The more sensible approach would be to isolate the elderly and the susceptible in order to protect them from the ravages of the virus. People who are young, healthy, able and willing should be allowed to return to work to restart the economy and hopefully keep it afloat through the coming depression.

If those who are able and willing do not return to work very soon, the economy will fall apart and then almost no one will be able obtain adequate medical care, especially not the weak and lonely. The best way to help the vulnerable is to keep the economy reasonably strong, so that it has the resources for those who require them in their hour of need. Good health care is virtually non-existent in broken economies. Just ask the people of Cuba, North Korea or Venezuela. Faced with the threat of COVID-19, we must think rationally and not let hysteria and fear drive us into taking measures that will in the long run cause more damage than good.

Those among us who are not vulnerable must be permitted to continue with their jobs. This carries some risk, of course, but the less-than-one-percent chance of developing serious complications is a risk that, I believe, most of us would be willing to take given what is at stake. There are, after all, worse things than a remote chance of death. Hiding at home while the economy collapses and society falls apart would be, in this writer’s view, worse than taking less than one percent chance of personal harm while trying to keep the country from disintegration.

Writing in the New York Times, Dr David Katz, president of True Health Initiative and the founding director of the Yale-Griffin Prevention Research Center, raised doubts about the current closure approach:

“I am deeply concerned that the social, economic and public health consequences of this near total meltdown of normal life — schools and businesses closed, gatherings banned — will be long lasting and calamitous, possibly graver than the direct toll of the virus itself. The stock market will bounce back in time, but many businesses never will. The unemployment, impoverishment and despair likely to result will be public health scourges of the first order.”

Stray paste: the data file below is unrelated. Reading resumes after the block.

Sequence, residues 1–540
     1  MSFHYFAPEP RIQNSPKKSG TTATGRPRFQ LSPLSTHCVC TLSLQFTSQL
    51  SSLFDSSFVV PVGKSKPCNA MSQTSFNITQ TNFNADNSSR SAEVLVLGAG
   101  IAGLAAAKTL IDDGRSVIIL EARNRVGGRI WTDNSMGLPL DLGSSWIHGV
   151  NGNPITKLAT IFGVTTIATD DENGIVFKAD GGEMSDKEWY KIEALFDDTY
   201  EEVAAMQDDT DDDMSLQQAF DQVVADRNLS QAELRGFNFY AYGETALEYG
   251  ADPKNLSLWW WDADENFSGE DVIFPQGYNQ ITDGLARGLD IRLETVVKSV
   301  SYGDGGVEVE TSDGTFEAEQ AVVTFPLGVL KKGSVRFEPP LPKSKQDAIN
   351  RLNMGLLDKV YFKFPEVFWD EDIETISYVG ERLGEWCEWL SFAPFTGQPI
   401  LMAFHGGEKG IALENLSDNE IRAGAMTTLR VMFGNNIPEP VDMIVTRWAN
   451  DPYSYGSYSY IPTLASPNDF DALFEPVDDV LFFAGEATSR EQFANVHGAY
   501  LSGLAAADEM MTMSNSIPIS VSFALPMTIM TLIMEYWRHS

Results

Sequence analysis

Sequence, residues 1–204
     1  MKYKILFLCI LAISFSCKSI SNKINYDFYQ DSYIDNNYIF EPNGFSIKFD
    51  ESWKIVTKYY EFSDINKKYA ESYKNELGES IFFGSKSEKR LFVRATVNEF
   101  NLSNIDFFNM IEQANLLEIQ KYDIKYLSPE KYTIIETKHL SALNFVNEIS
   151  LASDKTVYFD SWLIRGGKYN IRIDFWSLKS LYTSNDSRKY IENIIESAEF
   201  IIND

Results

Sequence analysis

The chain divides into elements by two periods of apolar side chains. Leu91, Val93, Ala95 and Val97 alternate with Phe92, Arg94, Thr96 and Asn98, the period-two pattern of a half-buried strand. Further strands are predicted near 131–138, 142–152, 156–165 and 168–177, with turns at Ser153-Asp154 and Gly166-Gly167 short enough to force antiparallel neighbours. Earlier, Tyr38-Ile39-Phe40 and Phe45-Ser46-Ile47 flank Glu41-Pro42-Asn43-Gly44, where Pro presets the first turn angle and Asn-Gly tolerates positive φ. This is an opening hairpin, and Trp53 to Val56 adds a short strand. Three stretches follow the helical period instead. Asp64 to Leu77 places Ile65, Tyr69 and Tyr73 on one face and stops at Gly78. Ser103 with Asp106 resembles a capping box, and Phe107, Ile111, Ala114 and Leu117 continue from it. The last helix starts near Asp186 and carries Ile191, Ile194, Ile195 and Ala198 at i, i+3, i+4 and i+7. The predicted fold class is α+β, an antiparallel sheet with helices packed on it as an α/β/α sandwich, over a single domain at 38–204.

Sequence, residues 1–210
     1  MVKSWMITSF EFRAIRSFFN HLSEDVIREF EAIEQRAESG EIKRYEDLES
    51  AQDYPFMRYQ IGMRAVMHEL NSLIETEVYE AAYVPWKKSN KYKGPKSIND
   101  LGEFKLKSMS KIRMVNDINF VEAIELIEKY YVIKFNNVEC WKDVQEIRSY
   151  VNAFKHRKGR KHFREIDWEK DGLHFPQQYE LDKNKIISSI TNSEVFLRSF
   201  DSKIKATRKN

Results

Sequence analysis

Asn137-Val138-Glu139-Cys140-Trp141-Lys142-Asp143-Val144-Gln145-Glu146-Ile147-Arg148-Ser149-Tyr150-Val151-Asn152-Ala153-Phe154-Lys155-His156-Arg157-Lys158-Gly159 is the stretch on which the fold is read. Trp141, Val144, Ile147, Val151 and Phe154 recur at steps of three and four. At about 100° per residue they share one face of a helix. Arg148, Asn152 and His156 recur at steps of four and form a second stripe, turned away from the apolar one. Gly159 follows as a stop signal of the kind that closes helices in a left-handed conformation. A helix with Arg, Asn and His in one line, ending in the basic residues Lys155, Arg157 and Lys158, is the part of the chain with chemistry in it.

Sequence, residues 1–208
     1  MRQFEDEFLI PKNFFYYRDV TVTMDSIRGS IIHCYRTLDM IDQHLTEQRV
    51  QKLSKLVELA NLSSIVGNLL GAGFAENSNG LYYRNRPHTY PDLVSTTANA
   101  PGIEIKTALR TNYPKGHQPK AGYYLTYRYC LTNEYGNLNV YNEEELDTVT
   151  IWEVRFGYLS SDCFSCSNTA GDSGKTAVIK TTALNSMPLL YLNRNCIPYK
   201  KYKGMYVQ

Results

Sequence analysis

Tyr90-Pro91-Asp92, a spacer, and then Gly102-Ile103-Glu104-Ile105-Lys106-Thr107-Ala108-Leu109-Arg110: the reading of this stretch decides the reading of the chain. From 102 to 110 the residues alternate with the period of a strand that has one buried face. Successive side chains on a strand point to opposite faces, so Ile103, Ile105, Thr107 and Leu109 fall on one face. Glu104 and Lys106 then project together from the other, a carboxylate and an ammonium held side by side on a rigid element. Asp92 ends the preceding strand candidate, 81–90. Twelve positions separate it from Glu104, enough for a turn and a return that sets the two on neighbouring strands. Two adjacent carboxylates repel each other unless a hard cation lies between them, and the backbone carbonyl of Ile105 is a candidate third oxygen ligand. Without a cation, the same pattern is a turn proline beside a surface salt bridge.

We need to come together as a nation and work together at this time of national crisis. America must get back to work while at the same time safeguard the vulnerable. The two are not necessarily mutually exclusive and given what we know about the disease so far, this task may be well within our ability to accomplish.

We should not take any foolish or unnecessary risks. We should keep evaluating the incoming data to make adjustments and devise the most reasonable and effective course of action to take. Given what we know so far, the policies we pursue at the moment leave much to be desired. It was interesting to hear New York Governor Andrew Cuomo suggest this, even though he initially supported a far more restrictive approach. This is what Cuomo said the other day: “We closed everything down. That was our public health strategy. If you re-thought that or had time to analyze that public health strategy, I don’t know that you would say ‘Quarantine everyone.'”  Looking at the data and costs, the governor has apparently re-evaluated his position, even as it may have cost him politically. His open-mindedness should be commended. It is okay to alter the course in a difficult situation like this. Each decision has its costs and benefits and those need be considered carefully and revised if the situation or data should change.

It is sometimes said that the 2nd World War generation was the greatest generation of all. Let us see whether we can emulate their courage and heroism in this hour of national trial. After all, the risk of injury and death that the Americans who sailed to fight in Normandy and on the battlefields of Europe was far greater than one percent that the young and healthy among us face from the corona virus. Today we are all, in a way, fighters in the great battle for national survival, whether we happen to be in the workplace or protecting and caring for the vulnerable.

Today our country faces the greatest crisis since the Great Depression. Let us not give to panic and fear, for the cost of a prolonged shutdown will be unimaginably painful and dire. When future historians look back at this time in our history, let them say that ours was a brave and even-headed generation and that this crisis was their finest hour.